The Red Tail Catfish

Scienfic Name:- Phractocephalus hemioliopterus

The red tail catfish is a type of long whiskered fresh water catfish with an orange-red tail fin.   In the wild they originate from South America,   and are commonly found in the Amazon,   Orinoco and Essequibo river basins.

Habitat :- They can grow rapidly up to 5 feet in length, and would require at least a 1000 gallon tank,   but ideally larger. a Aquarium is not recommended due to the adult size.   They are commonly sold when they are very young (around 3-6 inches in length),   and many people just do not realise how large their new pet will grow and how quickly.   These fish can easily reach 2 feet in length within their first year.

They are also very sensitive to water quality,   and would need a highly efficient filtration system due to the large amount of waste they produce.   Care needs to be taken when housing them with other fish,   as they are likely to try and eat them if they are small enough.   They tend to try and eat stones etc,   therefore aquarium substrates such as gravel would not be a good idea.   They require a water temperature of 70-80oF,   and a pH of around 7.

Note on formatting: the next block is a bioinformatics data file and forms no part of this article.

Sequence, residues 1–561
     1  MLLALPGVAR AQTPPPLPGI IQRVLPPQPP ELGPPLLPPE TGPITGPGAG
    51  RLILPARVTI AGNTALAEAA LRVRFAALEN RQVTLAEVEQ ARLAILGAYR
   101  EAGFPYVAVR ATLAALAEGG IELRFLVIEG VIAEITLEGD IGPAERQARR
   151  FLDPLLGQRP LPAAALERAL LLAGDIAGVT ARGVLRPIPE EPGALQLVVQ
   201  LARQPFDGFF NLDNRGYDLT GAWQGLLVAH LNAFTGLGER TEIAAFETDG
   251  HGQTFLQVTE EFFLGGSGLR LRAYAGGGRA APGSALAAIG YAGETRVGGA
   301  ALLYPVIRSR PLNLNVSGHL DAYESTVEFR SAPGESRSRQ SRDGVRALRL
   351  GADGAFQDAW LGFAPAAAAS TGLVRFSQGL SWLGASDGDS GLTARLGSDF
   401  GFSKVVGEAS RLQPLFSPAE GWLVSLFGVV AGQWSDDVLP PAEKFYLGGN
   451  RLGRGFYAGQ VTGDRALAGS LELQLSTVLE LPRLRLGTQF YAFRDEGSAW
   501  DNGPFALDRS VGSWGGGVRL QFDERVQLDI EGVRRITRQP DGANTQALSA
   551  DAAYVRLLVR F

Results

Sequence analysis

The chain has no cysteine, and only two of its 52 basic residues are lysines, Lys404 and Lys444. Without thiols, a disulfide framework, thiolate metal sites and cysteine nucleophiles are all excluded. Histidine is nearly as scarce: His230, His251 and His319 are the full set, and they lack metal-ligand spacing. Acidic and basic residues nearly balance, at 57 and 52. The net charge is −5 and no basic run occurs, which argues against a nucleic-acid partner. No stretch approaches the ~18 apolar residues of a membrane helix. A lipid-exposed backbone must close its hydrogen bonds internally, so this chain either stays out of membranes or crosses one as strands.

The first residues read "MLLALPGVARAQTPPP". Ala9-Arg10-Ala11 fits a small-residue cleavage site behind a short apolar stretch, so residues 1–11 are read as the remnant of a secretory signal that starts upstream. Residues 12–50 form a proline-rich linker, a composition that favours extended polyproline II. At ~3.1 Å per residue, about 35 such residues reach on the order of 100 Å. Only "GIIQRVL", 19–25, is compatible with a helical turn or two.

Diet :- They can be fed on catfish pellets,   a variety of prawns,   worms,   and fish meats (they should not be fed mammal based meats as they cannot be properly digested).   Juvenile red tail catfish should be fed every other day,   but adults should only be fed once a week in order to prevent obesity and health problems.   The reason we do not recommend these fish as pets is due to their incredibly large size.

Life expectancy :- 15 years.

In spite of these difficulties,   red tail catfish are surprisingly quite popular as pets until they begin to rapidly outgrow their home aquariums.   The Big Fish Campaign is led by the British and Irish Association of Zoos and Aquariums,   and aims to raise awareness about the problems of keeping large species of fish such as the red tail catfish in home aquariums,   and to promote responsible buying and selling of such species.

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